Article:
NEW HAVEN, Conn. (WTNH) -- A plan to take down some trees along Yale's campus has some some people living in the area putting up a fight.
Eighteen trees are slated to be removed along Prospect Street between Grove and Trumbull as part of a project to revamp a section of the street on Yale's campus.
At least one resident wrote a letter and several have called the city questioning the cost and the need to change landscape that appears to be in good condition.
"All the trees were slated for removal," Susan Klein said as she gestured towards posted signs.
Some of the 18 Norway maple trees slated to be removed are fairly young, while others are decades old.
"I was upset to see these healthy, mature trees were being taken down," she said.
However, the city says the trees are not in good condition.
Klein immediately wrote to the city's Department of Parks, Recreation, and Trees. The response explained that Yale wants to remove the invasive species of trees as part of a beautification project.
"I'm not sure that these trees are the ones to use as an example to start with," she said.
Yale will pay for the tree removal and replacements. The university is consulting with the Urban Resources Initiative, or URI, on the project.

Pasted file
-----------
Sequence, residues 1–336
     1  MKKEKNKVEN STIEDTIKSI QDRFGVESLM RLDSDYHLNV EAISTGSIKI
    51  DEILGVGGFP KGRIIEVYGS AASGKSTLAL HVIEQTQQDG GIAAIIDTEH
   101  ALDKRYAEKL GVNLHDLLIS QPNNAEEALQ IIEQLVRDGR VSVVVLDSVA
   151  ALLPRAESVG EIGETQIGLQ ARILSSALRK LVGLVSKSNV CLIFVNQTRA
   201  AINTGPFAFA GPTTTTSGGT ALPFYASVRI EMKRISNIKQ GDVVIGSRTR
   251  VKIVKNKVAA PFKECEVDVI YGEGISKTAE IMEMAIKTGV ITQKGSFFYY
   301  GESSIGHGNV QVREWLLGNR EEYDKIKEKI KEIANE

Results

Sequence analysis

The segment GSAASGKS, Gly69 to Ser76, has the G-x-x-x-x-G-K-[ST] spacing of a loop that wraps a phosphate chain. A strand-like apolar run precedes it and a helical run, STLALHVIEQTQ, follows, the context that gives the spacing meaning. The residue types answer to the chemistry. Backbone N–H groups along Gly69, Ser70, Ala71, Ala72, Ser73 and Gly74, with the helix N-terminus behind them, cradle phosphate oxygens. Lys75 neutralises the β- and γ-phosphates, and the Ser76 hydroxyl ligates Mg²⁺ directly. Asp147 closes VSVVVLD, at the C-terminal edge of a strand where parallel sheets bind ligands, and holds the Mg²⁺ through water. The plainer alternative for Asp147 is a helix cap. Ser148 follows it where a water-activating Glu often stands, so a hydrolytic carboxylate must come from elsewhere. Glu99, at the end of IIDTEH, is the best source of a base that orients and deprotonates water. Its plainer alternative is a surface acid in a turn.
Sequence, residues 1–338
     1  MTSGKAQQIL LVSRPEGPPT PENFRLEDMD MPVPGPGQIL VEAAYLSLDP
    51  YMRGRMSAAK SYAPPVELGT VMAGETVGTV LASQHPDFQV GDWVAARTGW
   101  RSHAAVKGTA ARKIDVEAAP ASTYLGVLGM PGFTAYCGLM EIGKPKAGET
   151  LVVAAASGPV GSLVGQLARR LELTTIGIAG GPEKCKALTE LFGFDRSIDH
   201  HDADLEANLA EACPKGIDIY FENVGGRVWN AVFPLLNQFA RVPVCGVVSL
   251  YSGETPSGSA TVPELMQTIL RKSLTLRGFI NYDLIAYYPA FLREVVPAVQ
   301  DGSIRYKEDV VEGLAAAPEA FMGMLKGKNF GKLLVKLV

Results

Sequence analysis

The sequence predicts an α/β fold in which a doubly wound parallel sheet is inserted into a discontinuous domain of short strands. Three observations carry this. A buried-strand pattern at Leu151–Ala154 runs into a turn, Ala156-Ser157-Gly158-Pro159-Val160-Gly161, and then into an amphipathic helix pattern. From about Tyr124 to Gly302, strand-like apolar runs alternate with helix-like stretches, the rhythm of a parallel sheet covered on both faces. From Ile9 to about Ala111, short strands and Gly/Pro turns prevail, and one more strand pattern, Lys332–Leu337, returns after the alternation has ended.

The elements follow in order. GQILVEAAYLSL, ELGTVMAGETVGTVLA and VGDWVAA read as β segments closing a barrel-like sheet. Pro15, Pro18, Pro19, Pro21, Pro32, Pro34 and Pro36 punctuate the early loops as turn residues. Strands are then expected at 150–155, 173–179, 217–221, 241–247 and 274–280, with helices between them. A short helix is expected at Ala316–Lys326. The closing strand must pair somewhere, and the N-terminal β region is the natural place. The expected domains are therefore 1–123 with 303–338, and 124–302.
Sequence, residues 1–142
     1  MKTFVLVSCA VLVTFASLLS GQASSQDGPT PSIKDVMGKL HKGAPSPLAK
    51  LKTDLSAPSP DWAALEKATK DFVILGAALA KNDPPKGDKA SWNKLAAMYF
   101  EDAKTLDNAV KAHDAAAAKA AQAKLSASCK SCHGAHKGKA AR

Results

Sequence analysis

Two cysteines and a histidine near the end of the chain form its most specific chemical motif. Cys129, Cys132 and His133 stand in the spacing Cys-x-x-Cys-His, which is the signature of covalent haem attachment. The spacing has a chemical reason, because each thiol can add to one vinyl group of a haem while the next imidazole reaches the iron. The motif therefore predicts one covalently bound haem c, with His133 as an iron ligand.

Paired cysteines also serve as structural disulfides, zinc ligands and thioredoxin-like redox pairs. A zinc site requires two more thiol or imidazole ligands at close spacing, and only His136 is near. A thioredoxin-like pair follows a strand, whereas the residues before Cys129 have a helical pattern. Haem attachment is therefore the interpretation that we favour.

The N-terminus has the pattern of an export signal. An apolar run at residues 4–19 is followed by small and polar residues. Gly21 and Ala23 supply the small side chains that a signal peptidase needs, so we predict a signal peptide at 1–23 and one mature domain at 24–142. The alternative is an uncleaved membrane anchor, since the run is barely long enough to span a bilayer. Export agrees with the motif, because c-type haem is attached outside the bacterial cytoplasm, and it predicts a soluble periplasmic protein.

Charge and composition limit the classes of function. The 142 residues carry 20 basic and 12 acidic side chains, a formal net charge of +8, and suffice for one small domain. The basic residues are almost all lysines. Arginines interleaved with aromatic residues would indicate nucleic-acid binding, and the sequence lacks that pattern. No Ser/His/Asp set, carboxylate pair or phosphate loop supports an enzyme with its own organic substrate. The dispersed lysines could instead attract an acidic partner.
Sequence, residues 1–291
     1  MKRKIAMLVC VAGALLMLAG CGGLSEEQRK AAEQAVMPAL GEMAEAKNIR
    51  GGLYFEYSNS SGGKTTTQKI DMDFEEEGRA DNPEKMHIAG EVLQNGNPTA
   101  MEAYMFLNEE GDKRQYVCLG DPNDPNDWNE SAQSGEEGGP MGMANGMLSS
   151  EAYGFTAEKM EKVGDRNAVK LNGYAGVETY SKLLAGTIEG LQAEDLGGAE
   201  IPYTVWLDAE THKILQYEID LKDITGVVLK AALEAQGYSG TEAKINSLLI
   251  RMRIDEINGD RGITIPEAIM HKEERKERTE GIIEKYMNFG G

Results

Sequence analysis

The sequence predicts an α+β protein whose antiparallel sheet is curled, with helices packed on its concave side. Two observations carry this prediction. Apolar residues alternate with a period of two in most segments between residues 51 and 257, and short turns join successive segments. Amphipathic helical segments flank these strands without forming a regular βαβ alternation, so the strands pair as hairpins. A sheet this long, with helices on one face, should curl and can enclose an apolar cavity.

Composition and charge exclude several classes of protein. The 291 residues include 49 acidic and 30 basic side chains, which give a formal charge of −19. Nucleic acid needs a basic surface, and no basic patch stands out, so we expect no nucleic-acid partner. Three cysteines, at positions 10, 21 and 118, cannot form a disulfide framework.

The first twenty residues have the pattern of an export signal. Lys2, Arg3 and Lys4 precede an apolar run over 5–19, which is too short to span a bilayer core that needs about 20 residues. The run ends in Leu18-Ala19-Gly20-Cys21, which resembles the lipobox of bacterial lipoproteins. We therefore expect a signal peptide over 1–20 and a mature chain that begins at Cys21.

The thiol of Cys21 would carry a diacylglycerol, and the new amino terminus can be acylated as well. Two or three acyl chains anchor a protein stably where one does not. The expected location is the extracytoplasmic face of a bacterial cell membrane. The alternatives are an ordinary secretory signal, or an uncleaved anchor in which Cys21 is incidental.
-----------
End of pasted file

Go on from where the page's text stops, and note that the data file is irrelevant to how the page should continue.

"Norway maple is known to be a very fast growing species and has weak wood, and in the recent storms we've had, trees with weak wood lose their branches and cause problems," explained Colleen Murphy-Dunning, URI's director.
Officials say the shallow roots will make it difficult to landscape underneath.
The plan is to replace the 18 trees with 21 non-invasive trees, like high quality Scarlet oaks. Some of the younger maples may stay.
"I think that there are other areas that are really in need of trees and other kinds of planting," Klein said.
The tree removal project is not a done deal. The City Parks Department still has to approve it and because there was at least one objection in writing, a public hearing will be held. Klein is asking anyone with any questions to please show up.
"I'd like to hear more justification for why this particular spot was picked," she said.
The public hearing is expected to be in mid-September.
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